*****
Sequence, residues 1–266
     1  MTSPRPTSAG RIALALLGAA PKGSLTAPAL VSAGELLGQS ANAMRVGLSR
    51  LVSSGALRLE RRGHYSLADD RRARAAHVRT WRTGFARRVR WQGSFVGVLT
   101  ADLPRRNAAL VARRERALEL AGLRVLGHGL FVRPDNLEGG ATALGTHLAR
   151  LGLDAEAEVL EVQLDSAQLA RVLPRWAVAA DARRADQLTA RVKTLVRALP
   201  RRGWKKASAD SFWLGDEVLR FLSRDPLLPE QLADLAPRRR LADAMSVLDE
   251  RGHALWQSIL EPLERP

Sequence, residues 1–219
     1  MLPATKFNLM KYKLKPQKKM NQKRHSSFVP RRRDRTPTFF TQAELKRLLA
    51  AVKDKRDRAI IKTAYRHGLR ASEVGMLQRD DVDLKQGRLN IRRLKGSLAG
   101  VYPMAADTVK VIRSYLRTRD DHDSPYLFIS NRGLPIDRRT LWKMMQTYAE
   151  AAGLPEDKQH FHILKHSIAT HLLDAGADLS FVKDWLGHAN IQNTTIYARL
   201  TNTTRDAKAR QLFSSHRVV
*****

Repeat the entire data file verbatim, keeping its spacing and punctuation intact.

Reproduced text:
Sequence, residues 1–266
     1  MTSPRPTSAG RIALALLGAA PKGSLTAPAL VSAGELLGQS ANAMRVGLSR
    51  LVSSGALRLE RRGHYSLADD RRARAAHVRT WRTGFARRVR WQGSFVGVLT
   101  ADLPRRNAAL VARRERALEL AGLRVLGHGL FVRPDNLEGG ATALGTHLAR
   151  LGLDAEAEVL EVQLDSAQLA RVLPRWAVAA DARRADQLTA RVKTLVRALP
   201  RRGWKKASAD SFWLGDEVLR FLSRDPLLPE QLADLAPRRR LADAMSVLDE
   251  RGHALWQSIL EPLERP

Sequence, residues 1–219
     1  MLPATKFNLM KYKLKPQKKM NQKRHSSFVP RRRDRTPTFF TQAELKRLLA
    51  AVKDKRDRAI IKTAYRHGLR ASEVGMLQRD DVDLKQGRLN IRRLKGSLAG
   101  VYPMAADTVK VIRSYLRTRD DHDSPYLFIS NRGLPIDRRT LWKMMQTYAE
   151  AAGLPEDKQH FHILKHSIAT HLLDAGADLS FVKDWLGHAN IQNTTIYARL
   201  TNTTRDAKAR QLFSSHRVV